Over the years I have written several "book" or "booklets" and many, many, many newsletter and bulletin articles. Because the book market seeks writings to meet specific needs at specific times, my material has never been accepted. I have a tendency to write what is on my mind and so I am left with self publishing. So, with the encouragement from my wife and others, I am beginning this blog in order to put my "ramblings" "out there"! I hope you enjoy!
Please note that while my intentions are to use good grammar, because of the way in which some of the material presented here is presented (orally) the grammar and syntax might not always be the best English. Also note that good theology is not always presented in the best English so there may be times when the proper grammar rules are purposely broken.
Sunday, August 26, 2012
Lip Service or Hearts Desire - August 26, 2012 - Thirteenth Sunday after Pentecost (Proper 16) - Text: Mark 7:1-13
Last Sunday we witnessed an exodus of people from following Jesus because what He was teaching was too hard for them. They decided it would be best for them to follow someone whose teachings were more in line with what they believed. Sounds pretty familiar to what happens in our own world today. Too often we do not like what we read in the Bible, so we stop reading it. We do not like what we hear the pastor preach from the pulpit so we label him as not being in touch with today, or we simply stop listening and maybe stop coming. We do not like what is taught in Bible class, so we stop coming. We do not like our fallible, sin stained opinions contradicted by the Word of God so we do not show up to talk about the issue. We live in a country where, to a great degree we still have the freedom of religion and we have the freedom from religion. Too often we exercise the later and instead of looking, shopping for a church which teaches the Word of God in all its truth and purity, no matter how hard it is, we look for, we shop for a church which teaches what we want to believe. Instead of going to Bible Class and asking the hard questions we stay away and make up our own doctrine. We like to have our own way, and we like to have our own opinions validated and unfortunately, our own way does not always lead to Christ.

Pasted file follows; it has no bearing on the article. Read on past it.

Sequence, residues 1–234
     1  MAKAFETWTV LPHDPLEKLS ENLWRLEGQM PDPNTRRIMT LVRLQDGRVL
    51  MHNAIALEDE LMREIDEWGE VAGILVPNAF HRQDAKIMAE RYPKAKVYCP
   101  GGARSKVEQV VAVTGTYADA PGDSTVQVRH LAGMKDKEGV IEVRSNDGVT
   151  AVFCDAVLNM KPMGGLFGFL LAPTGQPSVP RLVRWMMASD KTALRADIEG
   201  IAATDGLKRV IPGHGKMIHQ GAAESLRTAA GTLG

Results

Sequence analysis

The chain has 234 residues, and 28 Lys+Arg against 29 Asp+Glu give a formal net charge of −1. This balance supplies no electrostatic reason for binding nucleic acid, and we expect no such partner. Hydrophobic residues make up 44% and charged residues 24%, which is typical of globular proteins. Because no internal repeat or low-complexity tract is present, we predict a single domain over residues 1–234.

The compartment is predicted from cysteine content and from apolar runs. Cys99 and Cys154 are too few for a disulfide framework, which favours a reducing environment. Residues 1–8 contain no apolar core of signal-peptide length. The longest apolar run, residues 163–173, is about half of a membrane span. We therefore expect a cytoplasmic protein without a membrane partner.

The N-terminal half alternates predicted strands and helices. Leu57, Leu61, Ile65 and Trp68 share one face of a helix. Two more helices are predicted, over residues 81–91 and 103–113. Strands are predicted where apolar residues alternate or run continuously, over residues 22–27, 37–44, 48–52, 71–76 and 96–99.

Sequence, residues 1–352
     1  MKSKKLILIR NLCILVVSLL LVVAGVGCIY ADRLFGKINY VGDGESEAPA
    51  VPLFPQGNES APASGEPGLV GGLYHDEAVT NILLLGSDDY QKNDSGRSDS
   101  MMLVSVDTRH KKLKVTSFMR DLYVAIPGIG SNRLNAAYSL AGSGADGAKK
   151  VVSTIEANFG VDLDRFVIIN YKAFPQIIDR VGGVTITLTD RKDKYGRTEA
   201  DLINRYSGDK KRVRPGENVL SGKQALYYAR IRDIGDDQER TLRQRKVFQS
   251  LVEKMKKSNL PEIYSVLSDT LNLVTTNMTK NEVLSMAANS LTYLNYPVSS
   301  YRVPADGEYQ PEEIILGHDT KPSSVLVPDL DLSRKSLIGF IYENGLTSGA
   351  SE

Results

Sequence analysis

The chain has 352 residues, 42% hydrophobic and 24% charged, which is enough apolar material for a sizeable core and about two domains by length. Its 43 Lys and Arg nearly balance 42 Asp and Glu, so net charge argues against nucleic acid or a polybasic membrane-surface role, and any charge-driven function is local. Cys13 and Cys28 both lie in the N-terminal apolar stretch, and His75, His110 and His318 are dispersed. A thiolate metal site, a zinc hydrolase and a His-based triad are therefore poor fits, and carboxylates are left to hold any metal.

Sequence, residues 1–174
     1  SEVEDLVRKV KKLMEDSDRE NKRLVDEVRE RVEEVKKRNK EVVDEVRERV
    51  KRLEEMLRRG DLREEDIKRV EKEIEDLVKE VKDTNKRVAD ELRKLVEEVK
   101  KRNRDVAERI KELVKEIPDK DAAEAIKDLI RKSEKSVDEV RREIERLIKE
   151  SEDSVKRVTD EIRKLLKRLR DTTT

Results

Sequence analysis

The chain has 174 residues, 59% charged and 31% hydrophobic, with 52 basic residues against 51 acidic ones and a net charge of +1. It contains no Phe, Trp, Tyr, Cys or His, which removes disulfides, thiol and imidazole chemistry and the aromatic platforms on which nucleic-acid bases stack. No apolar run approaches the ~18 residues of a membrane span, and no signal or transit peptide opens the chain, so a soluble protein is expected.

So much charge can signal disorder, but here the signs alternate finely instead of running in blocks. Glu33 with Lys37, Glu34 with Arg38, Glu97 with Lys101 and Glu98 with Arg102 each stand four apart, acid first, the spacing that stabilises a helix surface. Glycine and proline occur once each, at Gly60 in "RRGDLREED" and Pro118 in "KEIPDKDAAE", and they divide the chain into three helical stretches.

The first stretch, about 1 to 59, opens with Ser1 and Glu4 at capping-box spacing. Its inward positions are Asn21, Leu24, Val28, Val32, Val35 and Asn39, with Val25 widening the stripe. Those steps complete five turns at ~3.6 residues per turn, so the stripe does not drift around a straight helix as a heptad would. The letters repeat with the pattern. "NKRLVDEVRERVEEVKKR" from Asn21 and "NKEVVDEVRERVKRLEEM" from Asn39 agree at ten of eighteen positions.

After reading our text for today, two clichés came to my mind. The first cliché was “Don’t judge a book by its cover.” We have all heard this cliché and we understand it to mean that what is on the outside is not necessarily what is on the inside. Yet, how often do we look at someone and immediately make an internal judgement about that person. I confess, I tend to be that way, and the worst part about it is that I know that I do not always make a good first impression. So, I do try very hard to not “judge” people by their first impression, but to give people two, three or more chances to make an impression.
The difficult thing about this is the fact that we live in a society were presentation is everything. There was even a television show called Spin City (and not that I would advise watching it) with the understanding that truth is not what is important, but the spin you put on the truth, that is what is important. As Christians we might better understand this cliché in the context of our understanding ourselves as being at the same time a sinner and a saint. We are sinful human beings and if looked at from the outside, that is what is seen, yet, we are at the same time saints, forgiven children of God, but that is only seen by God as He alone can look into our hearts. Certainly we would agree that we would not want to “judge a book by its cover.”